0
Get Alert
Please Wait... Processing your request... Please Wait.
You must sign in to sign-up for alerts.

Please confirm that your email address is correct, so you can successfully receive this alert.

1
Letters   |    
Rumination Syndrome in a Patient With Hashimoto's Encephalopathy
Marina Boban, M.D., Ph.D.; Branko Malojcic, M.D., Ph.D.
The Journal of Neuropsychiatry and Clinical Neurosciences 2011;23:E11-E12. doi:10.1176/appi.neuropsych.23.4.e11
View Author and Article Information

Dept. of Neurology University Hospital Centre Zagreb Zagreb, Croatia
School of Medicine University of Zagreb Zagreb, Croatia

Correspondence: Marina Boban, M.D., Ph.D.; e-mail: maboban@mef.hr

To the Editor: Hashimoto's encephalopathy (HE) is a rare, autoimmune disease commonly referred to as steroid-responsive encephalopathy associated with thyroid autoimmunity.1 Clinical presentation is heterogeneous, with majority of cases presenting with neurological (e.g., cognitive impairment, stroke-like events, movement disorders) and psychiatric features. Progressive course, good responsiveness to corticosteroid therapy, and elevated titers of antithyroid antibodies in serum and cerebrospinal fluid (CSF) contribute to the diagnosis. We present a patient with mild cognitive and behavioral impairment associated with marked functional gastroduodenal disorder caused by HE.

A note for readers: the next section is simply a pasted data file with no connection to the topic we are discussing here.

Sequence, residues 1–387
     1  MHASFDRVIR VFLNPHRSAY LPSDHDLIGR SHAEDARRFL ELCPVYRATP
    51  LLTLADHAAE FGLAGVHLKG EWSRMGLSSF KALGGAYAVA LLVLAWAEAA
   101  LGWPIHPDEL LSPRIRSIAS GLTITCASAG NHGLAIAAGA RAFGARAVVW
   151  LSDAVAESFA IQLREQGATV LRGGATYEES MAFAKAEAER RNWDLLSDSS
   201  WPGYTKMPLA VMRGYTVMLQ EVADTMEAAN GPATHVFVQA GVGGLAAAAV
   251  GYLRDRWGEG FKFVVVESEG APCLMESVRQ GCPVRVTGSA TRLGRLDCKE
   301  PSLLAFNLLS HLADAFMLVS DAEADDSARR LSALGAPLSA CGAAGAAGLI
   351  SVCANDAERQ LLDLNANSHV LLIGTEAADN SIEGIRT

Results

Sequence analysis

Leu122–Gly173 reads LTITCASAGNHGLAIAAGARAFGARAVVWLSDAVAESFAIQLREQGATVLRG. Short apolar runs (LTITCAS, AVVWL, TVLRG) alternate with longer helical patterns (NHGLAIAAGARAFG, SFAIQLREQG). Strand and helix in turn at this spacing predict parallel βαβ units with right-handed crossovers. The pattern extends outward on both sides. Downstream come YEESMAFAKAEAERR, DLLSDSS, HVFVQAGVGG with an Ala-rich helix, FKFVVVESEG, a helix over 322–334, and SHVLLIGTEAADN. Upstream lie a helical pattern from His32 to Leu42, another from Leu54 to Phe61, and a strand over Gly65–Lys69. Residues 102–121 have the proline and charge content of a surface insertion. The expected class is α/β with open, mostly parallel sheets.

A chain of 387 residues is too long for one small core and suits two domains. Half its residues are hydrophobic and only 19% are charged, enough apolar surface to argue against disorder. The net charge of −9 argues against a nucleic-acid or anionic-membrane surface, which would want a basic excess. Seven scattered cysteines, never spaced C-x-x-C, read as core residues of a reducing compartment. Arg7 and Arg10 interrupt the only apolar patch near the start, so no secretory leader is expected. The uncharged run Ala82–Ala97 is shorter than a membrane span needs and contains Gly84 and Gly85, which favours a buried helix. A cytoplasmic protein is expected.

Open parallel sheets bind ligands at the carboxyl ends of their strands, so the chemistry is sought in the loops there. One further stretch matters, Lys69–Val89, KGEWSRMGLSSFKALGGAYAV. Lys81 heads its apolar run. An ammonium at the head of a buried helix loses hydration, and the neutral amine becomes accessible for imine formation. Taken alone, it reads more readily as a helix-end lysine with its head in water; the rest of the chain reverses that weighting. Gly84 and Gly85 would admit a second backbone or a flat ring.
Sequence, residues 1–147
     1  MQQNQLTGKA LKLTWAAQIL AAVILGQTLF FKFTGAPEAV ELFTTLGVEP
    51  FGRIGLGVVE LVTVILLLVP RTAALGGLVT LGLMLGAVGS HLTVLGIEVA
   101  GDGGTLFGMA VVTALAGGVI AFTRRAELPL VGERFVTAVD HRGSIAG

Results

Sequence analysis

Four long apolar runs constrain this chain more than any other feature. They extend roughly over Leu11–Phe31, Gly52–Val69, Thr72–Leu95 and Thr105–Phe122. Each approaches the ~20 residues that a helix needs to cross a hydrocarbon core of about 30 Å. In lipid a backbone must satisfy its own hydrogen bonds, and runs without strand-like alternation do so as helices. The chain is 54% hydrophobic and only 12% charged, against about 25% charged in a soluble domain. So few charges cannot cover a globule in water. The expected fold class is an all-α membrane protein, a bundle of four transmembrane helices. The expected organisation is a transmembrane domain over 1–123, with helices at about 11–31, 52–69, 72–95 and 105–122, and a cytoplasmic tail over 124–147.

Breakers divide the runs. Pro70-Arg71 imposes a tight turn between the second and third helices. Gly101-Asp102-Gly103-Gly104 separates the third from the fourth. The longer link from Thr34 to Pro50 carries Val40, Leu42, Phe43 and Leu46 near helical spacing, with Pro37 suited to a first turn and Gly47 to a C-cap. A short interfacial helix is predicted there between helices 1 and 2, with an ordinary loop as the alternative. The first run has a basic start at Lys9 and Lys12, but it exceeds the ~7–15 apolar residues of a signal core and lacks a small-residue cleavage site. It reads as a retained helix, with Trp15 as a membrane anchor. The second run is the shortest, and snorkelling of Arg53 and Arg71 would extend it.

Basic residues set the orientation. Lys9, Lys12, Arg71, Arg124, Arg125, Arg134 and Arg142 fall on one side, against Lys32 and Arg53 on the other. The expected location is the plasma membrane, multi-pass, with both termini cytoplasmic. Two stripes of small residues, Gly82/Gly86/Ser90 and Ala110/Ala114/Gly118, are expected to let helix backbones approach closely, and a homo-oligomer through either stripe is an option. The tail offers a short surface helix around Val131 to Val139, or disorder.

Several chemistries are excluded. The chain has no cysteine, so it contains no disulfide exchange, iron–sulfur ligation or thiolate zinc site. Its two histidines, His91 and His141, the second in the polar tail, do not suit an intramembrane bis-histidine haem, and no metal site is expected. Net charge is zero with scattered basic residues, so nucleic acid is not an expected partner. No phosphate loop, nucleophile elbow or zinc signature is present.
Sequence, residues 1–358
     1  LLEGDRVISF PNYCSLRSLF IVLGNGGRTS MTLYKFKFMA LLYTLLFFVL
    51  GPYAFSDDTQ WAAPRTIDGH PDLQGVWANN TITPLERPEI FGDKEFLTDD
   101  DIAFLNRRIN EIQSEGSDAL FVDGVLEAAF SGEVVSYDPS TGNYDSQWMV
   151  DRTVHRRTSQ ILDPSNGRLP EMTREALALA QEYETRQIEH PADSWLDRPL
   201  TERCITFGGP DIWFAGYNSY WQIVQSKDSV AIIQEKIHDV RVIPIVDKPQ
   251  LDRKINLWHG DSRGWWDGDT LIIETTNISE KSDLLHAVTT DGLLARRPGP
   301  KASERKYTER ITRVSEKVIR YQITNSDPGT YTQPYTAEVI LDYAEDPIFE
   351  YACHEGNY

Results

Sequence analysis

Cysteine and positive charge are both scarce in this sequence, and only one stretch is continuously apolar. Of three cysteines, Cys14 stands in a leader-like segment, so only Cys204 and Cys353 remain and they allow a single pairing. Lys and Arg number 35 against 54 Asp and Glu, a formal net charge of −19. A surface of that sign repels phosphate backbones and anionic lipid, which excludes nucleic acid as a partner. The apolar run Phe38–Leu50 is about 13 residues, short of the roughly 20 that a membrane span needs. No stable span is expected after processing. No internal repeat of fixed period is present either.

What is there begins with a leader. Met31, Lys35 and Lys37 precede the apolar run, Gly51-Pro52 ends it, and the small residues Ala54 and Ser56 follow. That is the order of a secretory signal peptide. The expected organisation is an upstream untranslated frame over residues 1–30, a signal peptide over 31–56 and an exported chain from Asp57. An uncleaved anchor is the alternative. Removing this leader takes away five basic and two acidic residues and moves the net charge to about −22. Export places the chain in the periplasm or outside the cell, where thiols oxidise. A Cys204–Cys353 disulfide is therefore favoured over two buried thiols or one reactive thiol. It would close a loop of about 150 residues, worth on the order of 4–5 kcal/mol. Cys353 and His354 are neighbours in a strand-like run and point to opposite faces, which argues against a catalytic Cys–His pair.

A 54-year-old, right-handed, highly-educated white woman was admitted to the psychiatric department because of eating problems that, for a year, had been diagnosed and unsuccessfully treated for bulimia nervosa, finally resulting in severe weight loss (25 kg in 2 years; 35% of her premorbid weight). Her problems were characterized by effortless regurgitation of food immediately after consumption, without nausea or abdominal pain preceding it. Also, hyperfamiliarity for unknown people was observed, with otherwise normal social functioning. Her past medical history was positive for hypertension and an episode of hyper-thyroidosis in her 30s. Upon admittance to our hospital, the patient received a formal neurocognitive assessment. Except for frequent semantic paraphrasic errors during speech and naming (e.g., pig instead of rhinoceros, squirrel instead of kangaroo, piano instead of harp), the rest of the neurocognitive examination was unremarkable. Her Mini-Mental State Exam (MMSE) score was 30/30. Findings of all performed tests (CBC, regular biochemistry, thyroid hormone, vitamin B12, folic acid, immunology screening, serum and CSF antibodies to syphilis, Borrelia burgdorferi and ACE, tumor markers, paraneoplastic antibodies (anti-Hu, -Yo, and -Ri), hepatitis B and C, HIV, and routine CSF analysis) were unremarkable. Serum and CSF anti-TPO titers were increased (>2,000 and 20 IJ/ml, respectively). Gastric and duodenal biopsy and antitransglutaminase antibodies were unremarkable. Brain MRI revealed a few small subcortical lesions while EEG was unremarkable. Thyroid ultrasound and scintigraphy revealed an enlarged thyroid gland, although thyroid cytology was unremarkable. She was started with 50 mg of prednisolone, with slow tapering to a dose of 10 mg during the next month. At her follow-up visit 4 weeks after, she was free of symptoms, with anti-TPO titer <10 IJ/ml. Six months later, the patient had gained 15 kg of weight, and had normal cognitive status, with an anti-TPO titer of 189 IJ/ml. At that time, the dose of prednisolone was decreased to 5 mg/day with reappearance of problems and increase of anti-TPO titer to 1,550 IJ/ml. Raising the dose of prednisolone to 10 mg again eliminated the symptoms.